Sacred art inspired by Medieval, Mozarabic and Religious Art


Shamanic teacher, painter and author in the UK and the world


WINGED SOULS (80 x 100 cm)    £650

This painting was inspired by a 15th century  illustration from Dante, The Divine Comedy, titled 'Souls Transformed Into Birds'.


The seed concept for this painting was a great love for medieval music and manuscripts and a vision of a pregnant angel

 THE LABOURS OF EVE    80 x 100 cm   £450

A woman's work is never done and childbirth is called labour for a reason. A friend recently commented on the absence of monuments dedicated to all women who died in childbirth...


In the year 2003 I felt myself increasingly drawn to Medieval Art. I decided to read up on the medieval period to find out what it is that appeals so strongly. I came to realise that there is a huge gulf between today's world of the 21st century thought and Medieval Cosmology..

Today there is an assumption that beneath the surface things are fundamentally incoherent (part of a 'chaosmos' you could say). In those days the assumption was that deep down things were fundamentally coherent (part of a 'cosmos'). Most importantly everything was thought to be a reflection of the will of God.

This shows a great divide between Modern Art and Medieval Art. For the Medieval thinker art is the human way to reproduce, in artifacts, the universal rules of the cosmic order. In this sense art reflects the artist's "impersonality" rather than his personality! The  artists becomes a vessel or 'hollow bone' for the Divine. T



Inspired by medieval manuscripts from Mozarabic Spain

 The famous legend of the Holy Grail is not about people 'discovering themselves' (a 21st century preoccupation!) but about discovering their place in the world, their place in the Divine Plan - a more humble attitude.


Inspired by medieval manuscripts from Mozarabic Spain


Put in plain English: in the Medieval world the Invisible World was the key to the Visible World. In the Middle Ages everything stood for something else and that something was God/The Great Creator Being.

Understanding a thing meant seeing the divine plan within it. Space, time and distance were thought to be governed by their significance in this Divine Plan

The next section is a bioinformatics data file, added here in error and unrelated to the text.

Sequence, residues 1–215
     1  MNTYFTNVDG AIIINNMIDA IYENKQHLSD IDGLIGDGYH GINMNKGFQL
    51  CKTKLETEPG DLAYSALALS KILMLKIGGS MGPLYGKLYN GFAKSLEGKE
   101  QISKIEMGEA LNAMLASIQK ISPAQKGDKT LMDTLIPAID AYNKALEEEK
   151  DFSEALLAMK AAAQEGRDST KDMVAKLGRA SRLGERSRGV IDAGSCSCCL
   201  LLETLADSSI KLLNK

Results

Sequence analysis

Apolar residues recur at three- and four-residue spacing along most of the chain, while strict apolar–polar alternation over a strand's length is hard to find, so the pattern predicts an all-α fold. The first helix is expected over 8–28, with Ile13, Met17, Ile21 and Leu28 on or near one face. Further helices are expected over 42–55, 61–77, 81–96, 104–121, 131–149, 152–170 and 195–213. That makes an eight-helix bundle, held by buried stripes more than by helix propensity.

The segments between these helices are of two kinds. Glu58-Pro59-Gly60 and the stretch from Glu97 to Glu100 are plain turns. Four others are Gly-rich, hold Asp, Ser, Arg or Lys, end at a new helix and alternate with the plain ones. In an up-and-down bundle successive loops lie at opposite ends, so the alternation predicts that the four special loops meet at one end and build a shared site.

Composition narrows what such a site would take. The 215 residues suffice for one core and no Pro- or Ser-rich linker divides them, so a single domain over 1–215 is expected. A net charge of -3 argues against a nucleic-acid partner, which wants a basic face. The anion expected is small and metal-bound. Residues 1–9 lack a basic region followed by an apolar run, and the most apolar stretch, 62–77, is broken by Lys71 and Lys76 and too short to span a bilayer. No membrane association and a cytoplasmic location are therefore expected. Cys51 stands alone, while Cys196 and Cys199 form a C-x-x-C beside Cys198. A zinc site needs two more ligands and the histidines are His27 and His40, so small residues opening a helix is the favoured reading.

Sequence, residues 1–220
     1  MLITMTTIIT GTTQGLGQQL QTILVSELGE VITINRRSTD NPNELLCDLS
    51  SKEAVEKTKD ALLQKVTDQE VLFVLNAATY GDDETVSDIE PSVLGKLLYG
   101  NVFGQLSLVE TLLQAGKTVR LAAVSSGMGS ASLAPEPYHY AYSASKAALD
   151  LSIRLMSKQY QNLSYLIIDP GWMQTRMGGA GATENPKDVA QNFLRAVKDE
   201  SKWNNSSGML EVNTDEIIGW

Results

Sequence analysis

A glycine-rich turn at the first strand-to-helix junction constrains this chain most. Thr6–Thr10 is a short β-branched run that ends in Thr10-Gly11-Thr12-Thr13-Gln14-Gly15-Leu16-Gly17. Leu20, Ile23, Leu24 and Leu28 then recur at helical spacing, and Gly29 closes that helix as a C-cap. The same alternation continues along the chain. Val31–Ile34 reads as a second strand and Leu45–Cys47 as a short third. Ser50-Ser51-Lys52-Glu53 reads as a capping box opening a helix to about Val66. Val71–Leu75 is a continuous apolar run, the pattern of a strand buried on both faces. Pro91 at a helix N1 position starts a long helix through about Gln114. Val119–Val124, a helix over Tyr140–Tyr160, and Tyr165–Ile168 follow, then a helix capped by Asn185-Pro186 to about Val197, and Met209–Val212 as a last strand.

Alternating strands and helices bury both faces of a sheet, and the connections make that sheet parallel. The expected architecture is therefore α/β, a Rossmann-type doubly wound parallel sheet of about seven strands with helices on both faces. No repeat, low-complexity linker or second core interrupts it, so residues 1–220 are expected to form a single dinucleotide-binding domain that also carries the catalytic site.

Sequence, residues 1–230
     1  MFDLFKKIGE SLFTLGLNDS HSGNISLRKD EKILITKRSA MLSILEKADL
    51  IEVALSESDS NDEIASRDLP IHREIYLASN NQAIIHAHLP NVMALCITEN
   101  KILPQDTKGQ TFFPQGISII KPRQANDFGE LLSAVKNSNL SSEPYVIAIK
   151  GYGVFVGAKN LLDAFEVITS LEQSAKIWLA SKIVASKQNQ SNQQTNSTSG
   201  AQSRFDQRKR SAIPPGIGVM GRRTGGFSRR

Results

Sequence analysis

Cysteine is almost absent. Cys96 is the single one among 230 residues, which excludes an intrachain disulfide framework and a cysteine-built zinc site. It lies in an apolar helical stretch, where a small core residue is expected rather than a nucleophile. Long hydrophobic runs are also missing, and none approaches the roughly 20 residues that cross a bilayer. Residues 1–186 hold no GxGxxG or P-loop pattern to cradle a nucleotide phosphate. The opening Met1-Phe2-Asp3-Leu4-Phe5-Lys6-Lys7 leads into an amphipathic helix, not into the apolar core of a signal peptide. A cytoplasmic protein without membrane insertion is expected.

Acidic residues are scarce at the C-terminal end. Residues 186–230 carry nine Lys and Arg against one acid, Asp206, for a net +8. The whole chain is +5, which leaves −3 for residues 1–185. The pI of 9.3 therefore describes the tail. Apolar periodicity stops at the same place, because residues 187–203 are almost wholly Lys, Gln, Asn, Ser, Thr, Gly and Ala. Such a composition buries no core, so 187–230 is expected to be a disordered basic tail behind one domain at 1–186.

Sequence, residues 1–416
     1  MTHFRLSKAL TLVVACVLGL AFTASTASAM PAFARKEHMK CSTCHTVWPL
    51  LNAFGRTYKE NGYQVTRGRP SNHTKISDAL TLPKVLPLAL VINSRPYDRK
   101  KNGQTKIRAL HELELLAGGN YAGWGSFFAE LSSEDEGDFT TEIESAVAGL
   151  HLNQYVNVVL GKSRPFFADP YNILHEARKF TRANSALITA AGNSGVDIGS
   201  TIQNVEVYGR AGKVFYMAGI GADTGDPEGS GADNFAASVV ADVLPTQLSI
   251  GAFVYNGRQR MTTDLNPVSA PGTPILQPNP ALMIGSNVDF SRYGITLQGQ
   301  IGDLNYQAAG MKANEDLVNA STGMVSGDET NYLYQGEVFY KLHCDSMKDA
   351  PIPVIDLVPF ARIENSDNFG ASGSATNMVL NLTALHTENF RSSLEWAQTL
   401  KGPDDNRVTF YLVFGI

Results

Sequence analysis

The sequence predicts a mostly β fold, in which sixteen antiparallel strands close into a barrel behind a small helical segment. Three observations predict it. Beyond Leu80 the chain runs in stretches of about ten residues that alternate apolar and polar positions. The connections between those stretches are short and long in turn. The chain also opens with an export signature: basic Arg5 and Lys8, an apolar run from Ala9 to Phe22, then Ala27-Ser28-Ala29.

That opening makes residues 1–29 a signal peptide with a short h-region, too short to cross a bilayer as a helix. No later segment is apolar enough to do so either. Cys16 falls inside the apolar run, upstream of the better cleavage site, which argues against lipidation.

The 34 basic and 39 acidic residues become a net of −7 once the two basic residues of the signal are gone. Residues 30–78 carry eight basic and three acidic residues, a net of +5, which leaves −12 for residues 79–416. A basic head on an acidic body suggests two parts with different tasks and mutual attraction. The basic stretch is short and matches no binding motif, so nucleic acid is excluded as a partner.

Miracles were part of everyday life.

Every pilgrimage was intended to be a microcosm of the journey through life. A pilgrimage, a penance, an adventure, a party, a trip.

The Saints were a bit like the Greek Gods on Mount Olympus - except relics such as bones proved that they really lived once upon a time, and continued to 'live on' in Heaven. Not only that, they remain contactable. We can ask them for guidance and intercession!


 ^   CLARA LUCES  (80 x 100 cm)   £595

I worked on this painting while listening to little known Christmas Carols of Latin American Baroque origin. This image was inspired by 'The Tree of the Soul', a diagram created by William Law, an 18th century English mystic.

'A beam of light from the world of consciousness pierces the "dark world" of the unconscious in which the tree of man's spiritual and psychological development is rooted. Passing through the firre world of suffering and experience it opens out in the light of greater consciousness towards the Light of God' This is the process Carl Gustav Jung refers to as individuation.

 In the Middle Ages the way to make sense of life was to 'follow the light'. 

Shamanic teacher, painter and author in the UK and the world

^  FIAT LUX   SOLD     And There Was Light...

This painting was inspired by a fresco by Giusto de Menabuoi in the baptistry of the cathedral of Padua

This painting appeared on the cover of Edwin M Good's book: 'Tales of the Earliest World' in 2011, published by the Stanford University Press.

Edwin M Good was a literary scholar of the Hebrew Bible, he taught at Stanford for 35 years. The book is a translation of the text from Hebrew and a discussion of the “tales” in terms of how they work as stories.

He was a dear friend.


Light provided the only means of understanding a world that was God's work of art. Human works of art achieved meaning or significance only insofar they managed to reveal the splendor veritas, or Light of Truth, by becoming shadow-versions of the Creator's work.

The spires of the great medieval cathedrals in the 12th and 13th centuries reached skywards, up to God. The end of a pilgrimage brought forgiveness of a pilgrim's sins and/or the intercession of their favourite saint.